Jesus and His Father weren’t focused on delivering physical bread this time, though. There wasn’t going to be a repeat of free food on the ground every morning when the Israelites woke up (Ex. 16:4-36). Rather, they’d planned a far more enduring way to satisfy a deeper, spiritual hunger. Yes, Jesus fed the people when they were hungry but the plan was to go far beyond providing for physical needs. Just as Jesus was here on earth to take the Law and the Covenants to a deeper, higher, fuller level, He did the same thing with the miracle of bread from heaven.

“I am the bread of life. Your ancestors ate the manna in the wilderness, and they died. This is the bread that has come down from heaven, so that a person may eat from it and not die. I am the living bread that came down from heaven. If anyone eats from this bread he will live forever. The bread that I will give for the life of the world is my flesh. … the one who eats my flesh and drinks my blood has eternal life, and I will raise him up on the last day. For my flesh is true food, and my blood is true drink.”

John 6:48-51, 54-55, NET

This brings us right back to where we started this post: Passover and Unleavened Bread. Jesus’s flesh is symbolized by the bread and His blood by the wine that form the core symbols of the New Covenant Passover (Matt. 26:26-30; 1 Cor. 11:23-26). The invitation for us to eat this bread from heaven is also an invitation to be part of His covenant community and be sustained by God.

Our Unleavened Lives

Grace and salvation through Jesus Christ are gifts that we can do nothing to earn. Once we accept those gifts, though, we enter a reciprocal covenant relationship with God. We are supposed to respond a certain way after we’ve received grace. In other words, it is because of the Bread of Life that we ourselves can take on the characteristics of a very particular kind of bread.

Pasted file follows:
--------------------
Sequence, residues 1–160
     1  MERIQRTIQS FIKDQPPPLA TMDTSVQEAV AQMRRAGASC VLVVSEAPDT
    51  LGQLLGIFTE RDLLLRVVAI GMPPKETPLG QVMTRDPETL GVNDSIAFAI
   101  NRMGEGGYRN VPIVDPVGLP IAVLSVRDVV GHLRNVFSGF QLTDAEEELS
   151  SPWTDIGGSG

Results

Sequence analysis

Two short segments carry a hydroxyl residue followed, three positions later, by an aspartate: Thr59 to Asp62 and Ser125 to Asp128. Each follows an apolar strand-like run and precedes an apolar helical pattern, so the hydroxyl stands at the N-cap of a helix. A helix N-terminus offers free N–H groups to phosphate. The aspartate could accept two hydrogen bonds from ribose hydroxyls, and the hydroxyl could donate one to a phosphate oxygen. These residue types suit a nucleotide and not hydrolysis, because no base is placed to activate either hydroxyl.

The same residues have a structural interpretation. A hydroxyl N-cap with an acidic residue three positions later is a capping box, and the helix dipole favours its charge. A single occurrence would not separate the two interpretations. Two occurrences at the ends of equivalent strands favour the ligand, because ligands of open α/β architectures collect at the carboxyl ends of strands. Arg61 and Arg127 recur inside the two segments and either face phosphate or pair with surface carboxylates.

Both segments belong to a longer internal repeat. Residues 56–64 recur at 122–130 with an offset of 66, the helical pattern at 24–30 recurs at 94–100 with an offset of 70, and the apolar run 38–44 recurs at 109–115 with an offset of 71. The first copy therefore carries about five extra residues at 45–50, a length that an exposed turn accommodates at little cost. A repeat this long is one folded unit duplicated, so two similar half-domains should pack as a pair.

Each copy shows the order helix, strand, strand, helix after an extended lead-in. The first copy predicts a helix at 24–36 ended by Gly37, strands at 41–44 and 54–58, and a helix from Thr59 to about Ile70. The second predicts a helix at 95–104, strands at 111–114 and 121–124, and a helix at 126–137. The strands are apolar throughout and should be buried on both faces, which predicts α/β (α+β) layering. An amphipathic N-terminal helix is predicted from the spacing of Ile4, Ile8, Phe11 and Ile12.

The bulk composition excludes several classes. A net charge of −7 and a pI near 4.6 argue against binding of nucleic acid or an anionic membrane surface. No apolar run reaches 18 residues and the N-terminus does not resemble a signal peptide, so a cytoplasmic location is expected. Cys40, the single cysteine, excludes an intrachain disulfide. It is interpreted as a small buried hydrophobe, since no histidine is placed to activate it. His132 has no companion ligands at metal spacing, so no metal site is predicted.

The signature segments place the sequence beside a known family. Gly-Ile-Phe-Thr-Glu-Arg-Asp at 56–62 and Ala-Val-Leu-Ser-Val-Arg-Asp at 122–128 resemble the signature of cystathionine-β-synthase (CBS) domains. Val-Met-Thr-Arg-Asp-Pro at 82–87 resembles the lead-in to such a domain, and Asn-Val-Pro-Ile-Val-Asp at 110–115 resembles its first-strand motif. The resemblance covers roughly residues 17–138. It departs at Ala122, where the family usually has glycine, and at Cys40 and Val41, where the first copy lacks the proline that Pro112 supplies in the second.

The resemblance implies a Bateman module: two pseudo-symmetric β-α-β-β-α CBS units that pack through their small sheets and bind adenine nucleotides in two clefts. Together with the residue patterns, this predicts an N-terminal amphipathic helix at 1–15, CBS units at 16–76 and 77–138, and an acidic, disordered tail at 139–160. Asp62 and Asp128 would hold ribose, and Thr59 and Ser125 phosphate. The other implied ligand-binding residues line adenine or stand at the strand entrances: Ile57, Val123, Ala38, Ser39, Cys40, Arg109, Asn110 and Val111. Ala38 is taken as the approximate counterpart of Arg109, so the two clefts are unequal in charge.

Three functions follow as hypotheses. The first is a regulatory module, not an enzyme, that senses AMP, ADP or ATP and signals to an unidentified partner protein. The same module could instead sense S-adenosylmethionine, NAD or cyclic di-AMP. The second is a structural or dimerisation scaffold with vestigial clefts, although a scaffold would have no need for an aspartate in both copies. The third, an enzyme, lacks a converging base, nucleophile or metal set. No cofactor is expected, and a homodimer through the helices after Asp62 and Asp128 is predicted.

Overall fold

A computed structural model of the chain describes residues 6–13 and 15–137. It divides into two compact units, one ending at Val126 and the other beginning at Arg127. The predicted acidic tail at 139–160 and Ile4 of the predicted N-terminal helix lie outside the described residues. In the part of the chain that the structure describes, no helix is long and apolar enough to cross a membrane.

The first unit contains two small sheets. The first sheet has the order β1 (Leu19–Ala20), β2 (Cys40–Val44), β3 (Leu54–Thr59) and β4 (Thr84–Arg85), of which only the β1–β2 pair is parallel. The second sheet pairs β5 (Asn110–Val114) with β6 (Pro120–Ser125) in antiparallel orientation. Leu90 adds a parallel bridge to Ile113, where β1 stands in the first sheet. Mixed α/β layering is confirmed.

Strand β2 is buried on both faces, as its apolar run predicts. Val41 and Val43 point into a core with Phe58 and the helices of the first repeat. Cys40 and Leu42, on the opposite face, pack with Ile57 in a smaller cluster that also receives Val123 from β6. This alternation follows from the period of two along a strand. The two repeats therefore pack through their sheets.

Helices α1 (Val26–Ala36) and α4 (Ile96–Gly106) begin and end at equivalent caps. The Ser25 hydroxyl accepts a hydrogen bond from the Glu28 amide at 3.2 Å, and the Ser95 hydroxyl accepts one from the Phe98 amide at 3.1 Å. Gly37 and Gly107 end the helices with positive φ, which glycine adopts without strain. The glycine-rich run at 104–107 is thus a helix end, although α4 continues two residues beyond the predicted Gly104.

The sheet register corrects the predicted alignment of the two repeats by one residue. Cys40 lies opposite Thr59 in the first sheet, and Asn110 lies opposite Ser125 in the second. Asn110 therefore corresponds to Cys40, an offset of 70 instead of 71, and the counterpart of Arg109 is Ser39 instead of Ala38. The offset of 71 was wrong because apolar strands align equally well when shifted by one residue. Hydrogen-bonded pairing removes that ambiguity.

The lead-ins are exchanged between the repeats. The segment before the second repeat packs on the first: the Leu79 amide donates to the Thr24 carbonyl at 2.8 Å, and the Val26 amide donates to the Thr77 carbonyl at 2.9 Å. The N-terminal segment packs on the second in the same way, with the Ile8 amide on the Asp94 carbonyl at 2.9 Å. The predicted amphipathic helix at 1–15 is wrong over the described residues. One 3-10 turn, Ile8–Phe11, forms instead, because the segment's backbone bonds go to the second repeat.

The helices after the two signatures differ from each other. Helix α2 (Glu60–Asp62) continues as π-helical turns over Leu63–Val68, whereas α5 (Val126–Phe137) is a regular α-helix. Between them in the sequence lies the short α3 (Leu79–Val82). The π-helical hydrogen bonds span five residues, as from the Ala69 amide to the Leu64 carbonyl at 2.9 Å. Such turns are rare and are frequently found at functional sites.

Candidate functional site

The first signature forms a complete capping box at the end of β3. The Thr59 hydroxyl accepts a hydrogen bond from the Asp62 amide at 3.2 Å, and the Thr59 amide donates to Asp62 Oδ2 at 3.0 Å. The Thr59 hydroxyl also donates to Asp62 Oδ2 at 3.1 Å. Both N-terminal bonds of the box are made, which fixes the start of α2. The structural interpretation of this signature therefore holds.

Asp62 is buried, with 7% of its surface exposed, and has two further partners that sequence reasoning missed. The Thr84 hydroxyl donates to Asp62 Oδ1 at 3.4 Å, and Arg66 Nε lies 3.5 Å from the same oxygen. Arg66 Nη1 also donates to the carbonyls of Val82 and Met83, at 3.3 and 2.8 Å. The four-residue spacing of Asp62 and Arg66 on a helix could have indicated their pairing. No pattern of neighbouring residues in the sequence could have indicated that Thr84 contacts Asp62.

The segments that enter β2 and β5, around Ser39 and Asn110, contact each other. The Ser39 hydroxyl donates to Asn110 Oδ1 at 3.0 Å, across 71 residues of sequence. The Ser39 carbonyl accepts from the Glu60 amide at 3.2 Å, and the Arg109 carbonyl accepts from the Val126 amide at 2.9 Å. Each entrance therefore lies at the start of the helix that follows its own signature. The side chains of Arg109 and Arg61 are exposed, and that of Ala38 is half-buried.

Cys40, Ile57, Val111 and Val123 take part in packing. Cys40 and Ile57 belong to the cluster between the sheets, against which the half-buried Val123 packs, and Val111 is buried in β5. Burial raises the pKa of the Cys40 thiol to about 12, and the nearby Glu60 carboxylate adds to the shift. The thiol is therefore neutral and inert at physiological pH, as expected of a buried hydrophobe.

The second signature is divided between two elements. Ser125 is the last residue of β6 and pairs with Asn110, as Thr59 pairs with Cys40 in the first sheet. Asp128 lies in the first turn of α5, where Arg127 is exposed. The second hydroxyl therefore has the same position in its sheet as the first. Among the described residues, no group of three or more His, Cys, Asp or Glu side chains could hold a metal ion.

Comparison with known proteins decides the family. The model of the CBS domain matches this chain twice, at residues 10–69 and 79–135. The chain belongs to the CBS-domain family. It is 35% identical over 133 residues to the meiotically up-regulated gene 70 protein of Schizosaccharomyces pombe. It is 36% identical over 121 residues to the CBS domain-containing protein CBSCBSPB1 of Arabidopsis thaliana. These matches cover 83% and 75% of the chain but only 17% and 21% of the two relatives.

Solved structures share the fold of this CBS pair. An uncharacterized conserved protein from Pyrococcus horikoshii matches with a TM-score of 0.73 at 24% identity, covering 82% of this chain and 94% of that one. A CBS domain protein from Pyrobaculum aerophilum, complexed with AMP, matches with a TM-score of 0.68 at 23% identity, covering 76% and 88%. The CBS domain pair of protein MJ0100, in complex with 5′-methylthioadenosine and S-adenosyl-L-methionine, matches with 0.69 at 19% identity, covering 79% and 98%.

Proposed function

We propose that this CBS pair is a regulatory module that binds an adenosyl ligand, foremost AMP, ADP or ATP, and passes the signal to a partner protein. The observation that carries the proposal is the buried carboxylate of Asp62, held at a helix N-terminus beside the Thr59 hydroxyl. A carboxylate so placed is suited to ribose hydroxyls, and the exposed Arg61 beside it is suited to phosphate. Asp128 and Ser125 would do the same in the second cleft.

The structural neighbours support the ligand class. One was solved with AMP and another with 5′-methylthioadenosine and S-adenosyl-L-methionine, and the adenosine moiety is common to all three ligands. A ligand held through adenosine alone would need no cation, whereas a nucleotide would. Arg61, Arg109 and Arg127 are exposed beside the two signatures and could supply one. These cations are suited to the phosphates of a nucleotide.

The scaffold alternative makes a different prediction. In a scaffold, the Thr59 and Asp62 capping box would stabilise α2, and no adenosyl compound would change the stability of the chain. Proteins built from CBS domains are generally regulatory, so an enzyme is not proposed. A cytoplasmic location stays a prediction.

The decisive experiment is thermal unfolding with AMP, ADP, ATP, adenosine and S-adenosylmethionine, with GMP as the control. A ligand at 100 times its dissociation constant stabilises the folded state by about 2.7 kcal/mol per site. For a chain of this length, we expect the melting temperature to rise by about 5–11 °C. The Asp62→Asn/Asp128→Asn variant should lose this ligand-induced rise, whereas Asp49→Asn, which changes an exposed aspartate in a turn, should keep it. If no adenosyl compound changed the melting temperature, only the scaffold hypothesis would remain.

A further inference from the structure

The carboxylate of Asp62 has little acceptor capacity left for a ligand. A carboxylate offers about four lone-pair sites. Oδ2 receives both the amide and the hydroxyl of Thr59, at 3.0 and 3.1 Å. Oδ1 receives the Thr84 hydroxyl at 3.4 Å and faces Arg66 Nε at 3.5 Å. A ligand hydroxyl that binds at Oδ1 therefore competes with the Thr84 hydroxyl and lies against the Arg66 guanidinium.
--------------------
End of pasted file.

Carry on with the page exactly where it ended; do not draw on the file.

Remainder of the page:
Purge out the old yeast, that you may be a new lump, even as you are unleavened. For indeed Christ, our Passover, has been sacrificed in our place. Therefore let’s keep the feast, not with old yeast, neither with the yeast of malice and wickedness, but with the unleavened bread of sincerity and truth.

1 Cor. 5:7-8, WEB

Because we “eat” the Bread of Life, we become “unleavened” bread. Symbolically during the Passover and Days of Unleavened Bread, leaven represents sin. Eating unleavened bread for that seven-day festival pictures us putting sin out of our lives and replacing it with His character. During the remaining days of the year, though we are free to eat yeasted and otherwise leavened breads, the importance of turning to God to fill all our needs (including our need to daily take-in Jesus Christ) remains the same.

God is concerned about our physical needs. He appreciates it when we choose not to fret about where we’ll get our physical daily bread and instead ask Him to provide (as Jesus did in His model prayer), trusting that He can and will take care of us. Even more than that, though, He is concerned about supplying our spiritual needs because that has eternal ramifications. We also ought to pray for God to “give us today our daily Bread of Life,” trusting that He will satisfy our spiritual hunger.

Featured image by FotoshopTofs from Pixabay